|Title||Engineering of β-glycosidases from hyperthermophilic Archaea|
|Source||Wageningen University. Promotor(en): W.M. de Vos; J. van der Oost. - S.l. : S.n. - ISBN 9789058085047 - 162|
|Publication type||Dissertation, internally prepared|
|Keyword(s)||glycosidasen - thermofiele micro-organismen - eiwittechnologie - glycosidases - thermophilic microorganisms - protein engineering|
|Categories||Molecular Biology (General)|
Hyperthermophilic Archaea are microorganisms that grow optimally above 80°C. To be able to live at these temperature extremes their cell components display extreme resistance towards thermal degradation. This characteristic is an attractive feature for use of their enzymes in industrial processes. Examples of thermozymes with potential applications in food and pharmaceutical industry are b -Glycosidases, enzymes that specifically hydrolize b -linked glycosidic bonds, which are present in for instance cellulose or the milk sugar lactose. .
Using the b -glucosidase CelB from Pyrococcus furiosus as a model enzyme, molecular determinants of substrate recognition and catalysis in b -glycosidases have been studied by rational design and directed evolution approaches. A 3D model of CelB was established, and its active site was compared to that of a related enzyme with a distinct specificity, the 6-phospho-b -galactosidase LacG of Lactococcus lactis. The substrate specificity of CelB was adjusted by engineering a phosphate-binding site, which resulted in a significant improvement in the hydrolysis of 6-phospho-b-glycosides. In a second study, the active sites of b -glucosidase CelB was compared to that of a b -mannosidase BglB from Pyrococcus horikoshii , and the substrate affinities and activities of the two enzymes could be swapped by exchange of unique residues in their active sites.
The b -glucosidase CelB of P. furiosus was also compared to that of the related b -glycosidase LacS of the hyperthermophile Sulfolobus solfataricus. While the enzymes are very similar regarding catalytic mechanism and substrate specificity, they have not been stabilized to withstand high temperatures in the same way. While CelB is relatively sensitive to detergents, LacS is readily inactivated in the presence of salts. This strongly suggests that CelB is mainly stabilized by hydrophobic interactions, while ion-pair interactions contribute most to the stability of LacS.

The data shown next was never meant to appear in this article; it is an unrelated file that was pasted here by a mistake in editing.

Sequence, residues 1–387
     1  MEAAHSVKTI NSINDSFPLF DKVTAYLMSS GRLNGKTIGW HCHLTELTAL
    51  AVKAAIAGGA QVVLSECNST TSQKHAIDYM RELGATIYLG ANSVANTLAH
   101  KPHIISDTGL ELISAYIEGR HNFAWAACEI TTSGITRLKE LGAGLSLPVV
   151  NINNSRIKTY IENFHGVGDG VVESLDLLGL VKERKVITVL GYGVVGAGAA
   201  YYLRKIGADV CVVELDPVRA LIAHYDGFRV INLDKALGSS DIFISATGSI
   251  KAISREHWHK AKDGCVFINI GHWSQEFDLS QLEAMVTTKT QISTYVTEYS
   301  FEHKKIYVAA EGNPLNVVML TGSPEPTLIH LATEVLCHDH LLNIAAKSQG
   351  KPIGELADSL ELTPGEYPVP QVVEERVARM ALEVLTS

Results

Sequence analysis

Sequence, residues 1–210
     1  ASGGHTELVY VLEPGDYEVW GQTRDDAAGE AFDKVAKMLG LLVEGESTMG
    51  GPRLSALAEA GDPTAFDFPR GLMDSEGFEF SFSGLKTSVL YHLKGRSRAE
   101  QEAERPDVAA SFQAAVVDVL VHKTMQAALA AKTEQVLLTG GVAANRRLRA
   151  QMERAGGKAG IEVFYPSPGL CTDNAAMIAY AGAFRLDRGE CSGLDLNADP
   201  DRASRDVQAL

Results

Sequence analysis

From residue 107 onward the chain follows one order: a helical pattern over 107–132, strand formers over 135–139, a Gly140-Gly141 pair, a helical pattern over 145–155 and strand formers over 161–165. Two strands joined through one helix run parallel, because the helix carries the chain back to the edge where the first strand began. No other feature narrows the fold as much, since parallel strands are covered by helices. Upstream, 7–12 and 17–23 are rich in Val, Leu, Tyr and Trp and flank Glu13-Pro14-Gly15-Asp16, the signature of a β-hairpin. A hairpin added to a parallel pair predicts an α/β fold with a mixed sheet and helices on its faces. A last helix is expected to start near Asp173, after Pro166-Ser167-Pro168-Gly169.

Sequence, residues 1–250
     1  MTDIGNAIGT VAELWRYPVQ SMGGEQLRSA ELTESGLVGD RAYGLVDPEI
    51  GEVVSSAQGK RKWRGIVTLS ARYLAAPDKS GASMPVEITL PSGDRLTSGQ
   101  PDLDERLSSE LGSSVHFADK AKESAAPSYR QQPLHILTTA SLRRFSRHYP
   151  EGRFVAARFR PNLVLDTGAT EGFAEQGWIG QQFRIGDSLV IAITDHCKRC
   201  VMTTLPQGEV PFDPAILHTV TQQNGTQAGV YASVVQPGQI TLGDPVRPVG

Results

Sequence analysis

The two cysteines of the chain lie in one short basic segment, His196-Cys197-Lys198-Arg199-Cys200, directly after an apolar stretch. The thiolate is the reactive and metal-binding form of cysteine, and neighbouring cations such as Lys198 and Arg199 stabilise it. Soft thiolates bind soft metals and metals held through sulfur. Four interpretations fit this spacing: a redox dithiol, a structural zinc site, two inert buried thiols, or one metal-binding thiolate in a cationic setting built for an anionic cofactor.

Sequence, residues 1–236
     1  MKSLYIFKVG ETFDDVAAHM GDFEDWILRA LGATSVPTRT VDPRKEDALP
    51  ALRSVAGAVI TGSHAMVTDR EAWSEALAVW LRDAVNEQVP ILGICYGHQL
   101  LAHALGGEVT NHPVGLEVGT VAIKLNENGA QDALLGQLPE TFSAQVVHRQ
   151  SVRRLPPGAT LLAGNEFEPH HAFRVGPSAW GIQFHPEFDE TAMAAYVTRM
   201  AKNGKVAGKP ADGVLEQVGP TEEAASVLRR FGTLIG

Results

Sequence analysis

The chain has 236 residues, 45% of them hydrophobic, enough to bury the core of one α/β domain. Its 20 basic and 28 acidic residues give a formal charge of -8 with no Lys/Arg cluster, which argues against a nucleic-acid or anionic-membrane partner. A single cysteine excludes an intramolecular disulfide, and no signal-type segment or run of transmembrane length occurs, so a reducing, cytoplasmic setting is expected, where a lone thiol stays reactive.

In one of the first laboratory evolution studies on proteins from a hyperthermophile, CelB has been optimized for low-temperature catalysis. In several CelB mutants this was accomplished with retention of wild-type stability. Increased activity at low temperatures seemed to result from mutations that increase protein flexibility. In a second directed evolution study, the genes coding for CelB and LacS were shuffled to functional b -glycosidase hybrids. The hybrids of this DNA shuffling experiment were screened for thermostability and hydrolysis of lactose at 70 °C. Several thermostable high-performance mutants were isolated and characterized. The hybrids consisted of an N-terminal LacS stretch, followed by a CelB core. This resulted in a hybrid active site structure, which could explain the altered catalytic properties.
Finally, site-directed CelB mutants from the previous mentioned studies have been tested for their ability to catalyze oligosaccharide synthesis. Indeed, several variants showed increased yields in galacto-oligosaccharide synthesis with lactose as a substrate, compared to wild-type CelB.
The studies described in the thesis are illustrative for the differences in protein engineering by rational design versus by directed evolution. While rational design can give an initial change in activity or substrate specificity, directed evolution is more likely to be successful for fine-tuning of enzyme properties.